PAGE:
Visas and Other Entry Requirements
Laos visas are required of all visitors coming into the country, with a few exceptions. Tourist visas may be obtained in three ways:
- From a Laos embassy or consulate near you. The address of the Lao Embassy in the US is: 2222 S St. NW, Washington, DC 20008.
- Visa on arrival at one of three points of entry: the airports at Vientiane and Luang Prabang, or at the Friendship Bridge bordering Thailand and Vientiane. Visitors must provide passport photographs on arrival.
- Through a tour company under contract with the Lao government.
Visa requirements. Your passport must be valid for at least six months after your arrival, with a blank page for your visa stamp. The visitor must provide two passport-sized photos, US$30 for visa stamp fees, and show a return or onward ticket.
Visa extensions. Extensions of 30 days' duration may be obtained at the Bureau of Immigration on Lane Xang Avenue, Vientiane.
Customs regulations. Visitors may bring these items duty-free: 500 cigarettes, 100 cigars, or 500 grams of tobacco; 2 bottles of wine; 1 bottle of other alcoholic beverages; and personal jewelry up to 500 grams in weight. Currency worth $2,000 or more must be declared on arrival.
Carrying antiques out of Laos is prohibited - any such items found on your person will be confiscated. Antiques purchased outside of Laos must be declared on arrival.
Departure tax. $10. Exemptions for children under 2 years of age and transit passengers.
Health & Immunizations
Laos' health infrastructure is shoddy at best, so visitors need to take all necessary precautions before flying in. A few Vientiane hospitals are adequately equipped to treat non-life-threatening injuries and diseases:
Mother & Child Hospital
Phone: +856-21-351156, +856-21-351158
Metapap (Friendship Hospital)
Phone: +856-21-710006 ext. 141
Note: Metapap is a qualified trauma hospital, best equipped for injuries like fractures
If something really serious happens, you will have to leave the country. The U.S. Embassy in Laos' Medical Information page recommends two hospitals in Thailand, close to the border:
AEK International Hospital
Udorn Thani, Thailand
Nong Khai Wattana Hospital
Nong Khai, Thailand
In the most severe cases, you may be airlifted out of the country. Visitors should get health insurance that covers air evacuation. (More on that in this article: Travel Insurance in Southeast Asia.)
Immunizations. No specific immunizations are required, but you should get a few just in case: a cholera vaccination certificate is encouraged, and malaria is a constant risk throughout the whole country. A yellow fever vaccination certificate is required from visitors arriving from infected areas.
Other diseases you may want to cover with immunizations are typhoid, tetanus, hepatitis A and B, polio and tuberculosis.
Laos' official currency is the Kip: you'll find it in denominations of 500, 1,000, 2,000, 5,000, 10,000, 20,000, and 50,000. The kip is inconvertible outside of Laos - make sure to exchange at the airport before you go!
US dollars and Thai baht are commonly accepted in urban areas, while more remote places will accept only kip.
Laos' banks include Banque pour le Commerce Exterier Lao (BCEL), Sethathirath Bank, Nakornluang Bank, Joint Development Bank, and some Thai banks. BCEL and a few other local banks now have ATMs, mostly concentrated in Vientiane with a few others in Luang Prabang, Savanneket, Pakse, and Tha Khaek. Maximum withdrawable amount is 700,000 kip. ATMs accept MasterCard, Maestro, and Cirrus.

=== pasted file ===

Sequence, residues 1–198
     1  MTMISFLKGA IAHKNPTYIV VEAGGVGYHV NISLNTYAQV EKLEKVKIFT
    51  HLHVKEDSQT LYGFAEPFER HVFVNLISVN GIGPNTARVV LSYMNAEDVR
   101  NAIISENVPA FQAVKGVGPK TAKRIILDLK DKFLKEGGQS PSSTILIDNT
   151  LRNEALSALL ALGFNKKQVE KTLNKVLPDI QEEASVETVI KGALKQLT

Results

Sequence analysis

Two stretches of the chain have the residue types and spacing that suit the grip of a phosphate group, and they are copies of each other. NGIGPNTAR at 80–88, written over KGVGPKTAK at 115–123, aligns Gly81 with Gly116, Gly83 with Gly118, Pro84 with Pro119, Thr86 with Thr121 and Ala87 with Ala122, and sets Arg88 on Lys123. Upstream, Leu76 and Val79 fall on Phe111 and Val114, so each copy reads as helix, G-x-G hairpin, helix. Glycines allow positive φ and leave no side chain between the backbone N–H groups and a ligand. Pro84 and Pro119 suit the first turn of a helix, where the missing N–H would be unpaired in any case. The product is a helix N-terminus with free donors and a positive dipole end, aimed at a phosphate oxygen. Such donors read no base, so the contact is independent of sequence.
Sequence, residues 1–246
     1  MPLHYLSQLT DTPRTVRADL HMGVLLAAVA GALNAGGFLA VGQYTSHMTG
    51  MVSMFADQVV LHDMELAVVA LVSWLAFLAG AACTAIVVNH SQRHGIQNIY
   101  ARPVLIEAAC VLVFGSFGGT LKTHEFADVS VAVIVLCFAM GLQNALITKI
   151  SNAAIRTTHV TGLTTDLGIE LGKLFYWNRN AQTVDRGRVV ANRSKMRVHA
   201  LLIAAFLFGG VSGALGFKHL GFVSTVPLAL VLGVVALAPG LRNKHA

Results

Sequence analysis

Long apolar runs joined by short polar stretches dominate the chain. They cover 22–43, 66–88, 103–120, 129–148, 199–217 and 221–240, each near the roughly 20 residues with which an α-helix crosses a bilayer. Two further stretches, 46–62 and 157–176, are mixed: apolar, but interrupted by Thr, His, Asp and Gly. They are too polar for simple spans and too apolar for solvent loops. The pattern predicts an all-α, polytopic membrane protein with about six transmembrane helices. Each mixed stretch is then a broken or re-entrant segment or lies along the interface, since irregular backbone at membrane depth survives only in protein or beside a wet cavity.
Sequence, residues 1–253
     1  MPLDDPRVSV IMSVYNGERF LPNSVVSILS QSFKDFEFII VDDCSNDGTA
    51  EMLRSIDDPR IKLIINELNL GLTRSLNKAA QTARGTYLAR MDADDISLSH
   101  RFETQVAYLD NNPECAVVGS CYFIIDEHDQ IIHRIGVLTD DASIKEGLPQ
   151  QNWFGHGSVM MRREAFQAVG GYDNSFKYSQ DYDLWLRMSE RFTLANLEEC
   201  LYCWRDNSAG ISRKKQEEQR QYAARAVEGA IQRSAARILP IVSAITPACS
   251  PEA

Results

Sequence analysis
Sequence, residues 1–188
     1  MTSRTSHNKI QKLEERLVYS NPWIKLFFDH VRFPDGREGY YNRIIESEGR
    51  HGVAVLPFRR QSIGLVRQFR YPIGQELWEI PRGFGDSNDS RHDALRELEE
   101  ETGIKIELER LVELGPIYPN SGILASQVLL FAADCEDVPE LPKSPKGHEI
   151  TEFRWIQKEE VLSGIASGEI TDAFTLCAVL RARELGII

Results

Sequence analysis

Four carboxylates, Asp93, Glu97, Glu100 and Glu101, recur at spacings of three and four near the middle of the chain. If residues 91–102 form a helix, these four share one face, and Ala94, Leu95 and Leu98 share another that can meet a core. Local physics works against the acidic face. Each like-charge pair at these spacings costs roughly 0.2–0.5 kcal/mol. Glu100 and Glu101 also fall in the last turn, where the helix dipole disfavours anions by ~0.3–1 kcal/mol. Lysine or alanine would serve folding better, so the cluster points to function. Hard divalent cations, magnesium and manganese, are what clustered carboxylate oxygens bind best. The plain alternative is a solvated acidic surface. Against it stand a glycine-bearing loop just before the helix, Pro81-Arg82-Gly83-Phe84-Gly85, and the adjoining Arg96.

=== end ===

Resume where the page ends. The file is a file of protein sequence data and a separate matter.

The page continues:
Traveler's checks and credit cards can be used at major banks, hotels, restaurants and shops, but are rarely accepted outside the regular tourist circuit. Some travel agents and guest houses will let you take out an advance from your credit card for a fee averaging about $3.
Lao law shares the draconian attitude to drugs common in Southeast Asia. For more information, read: Harsh Punishments for Drug Use in Southeast Asia.
Crime is relatively rare in Laos, but sneak theft and bag snatching have been known to happen. Mind your belongings in public spaces and tourist areas.
Land mines are common near the border with Vietnam. Visitors must never stray off the known paths, and travel with a local guide.
The judicial system is soft in Laos and weighted against the average tourist. Avoid any drug use (punishable by death), criticism of the government, or sexual relations with a Lao citizen (absolutely illegal, unless you're married to that citizen).
- Laos - Country-Specific Travel Information - U.S. Department of State
- Travel Advice for Laos - Australian Department of Foreign Affairs
Laos has a rainy season between May and October, with a cool, dry season from November to March and a hot summer from March to May.
November-March: The cool, dry season the best time to visit Laos, as temperatures are cooler (especially up north), humidity is lower, and the roads and rivers are in prime shape for travel. Temperatures in the lowlands can drop to around 59°F (15°C), and highlands can experience temperatures as low as 32°F (0°C).
March-May: The hot, dry summer season is just about the worst time to visit. Rice farmers set fire to their dried-up croplands to set the ground for the next planting, enveloping the land in an ugly smoky haze. Temperatures can go as high as 95°F (35°C) during this time.
May-October: the rainy monsoon season brings daily downpours lasting a few hours. Floods and landslides make many areas impassable this time of year. On the other hand, the Mekong's slow boats come into their own during the rainy season.
What to wear. Bring a light jacket during the peak season, especially if you're headed north or to the highlands. For any other time of year, wear light cotton clothes and a hat to beat the heat. When visiting temples, dress conservatively and wear shoes that can easily be taken off.